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Chinese officials to come to Everland to see gold monkeys

Chinese officials to come to Everland to see gold monkeys

Posted May. 21, 2014 07:27,   

Updated January. 01, 1970 09:00

한국어

China’s high-ranking officials will visit the zoo at the Everland theme park in Gyeonggi Province in Korea, from Tuesday to Friday next week. They will look into “golden monkeys” born at the zoo and learn how to breed them. Some say that Samsung’s “animal diplomacy in the private sector” is finally coming to fruition.

The golden monkey is the real model of the “Monkey King” in “Journey to the West,” a Chinese novel published in the 16th century, and one of the three rare animals that Beijing protects along with the Giant Panda and the Lesser Panda. Although the Chinese government strictly controls sending the monkeys abroad, it gave two male and two female golden monkeys to Everland to mark the 15th anniversary of the diplomatic ties between Korea and China in 2007.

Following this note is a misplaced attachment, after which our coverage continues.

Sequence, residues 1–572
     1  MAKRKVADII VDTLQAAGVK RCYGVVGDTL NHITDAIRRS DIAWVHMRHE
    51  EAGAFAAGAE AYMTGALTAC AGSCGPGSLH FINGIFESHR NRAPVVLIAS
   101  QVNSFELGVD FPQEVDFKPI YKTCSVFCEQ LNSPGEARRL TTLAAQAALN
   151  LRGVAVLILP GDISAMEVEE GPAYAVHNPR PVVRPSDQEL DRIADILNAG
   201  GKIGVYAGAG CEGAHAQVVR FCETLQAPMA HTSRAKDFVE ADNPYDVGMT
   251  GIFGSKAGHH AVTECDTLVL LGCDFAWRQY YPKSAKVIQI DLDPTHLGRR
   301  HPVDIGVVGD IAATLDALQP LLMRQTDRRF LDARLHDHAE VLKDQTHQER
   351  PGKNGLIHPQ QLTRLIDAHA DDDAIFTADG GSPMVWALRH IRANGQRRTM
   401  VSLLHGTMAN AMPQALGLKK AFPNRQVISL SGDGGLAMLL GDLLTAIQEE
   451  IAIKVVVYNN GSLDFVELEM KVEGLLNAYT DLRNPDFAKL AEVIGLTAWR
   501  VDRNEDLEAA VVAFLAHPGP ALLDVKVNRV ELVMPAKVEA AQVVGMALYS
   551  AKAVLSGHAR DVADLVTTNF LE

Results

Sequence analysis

The “Monkey King (male, born in 1998),” the oldest one among the four monkeys, has four baby monkeys born from the two female monkeys. As it is not easy to breed golden monkeys, the reproduction rate is below 15 percent even in China. The new born golden monkey is the third baby born between the Monkey King and a female monkey born in 2001 whose name is Son So Un. It is a very rare case that a pair of golden monkeys gave birth to three monkeys in natural breeding.

The new born golden monkey is a male, which is 20 centimeters tall and weighs 500 grams. Before being revealed to the public, it will be first shown to the government officials from the State Forestry Administration, the Chinese Association of Zoological Gardens, and the China Wildlife Conservation Association.

Kwon Soo-wan, head of the Everland zoo, said, “We gave the monkeys not only fruits, but also worms for protein. We offered them only organic mulberry leaves and imported oak tree leaves from China to feed them. I think our hard work and efforts finally bore fruit.”

Everland started an international joint research project of endangered species including golden monkeys with the China Wildlife Conservation Association last month.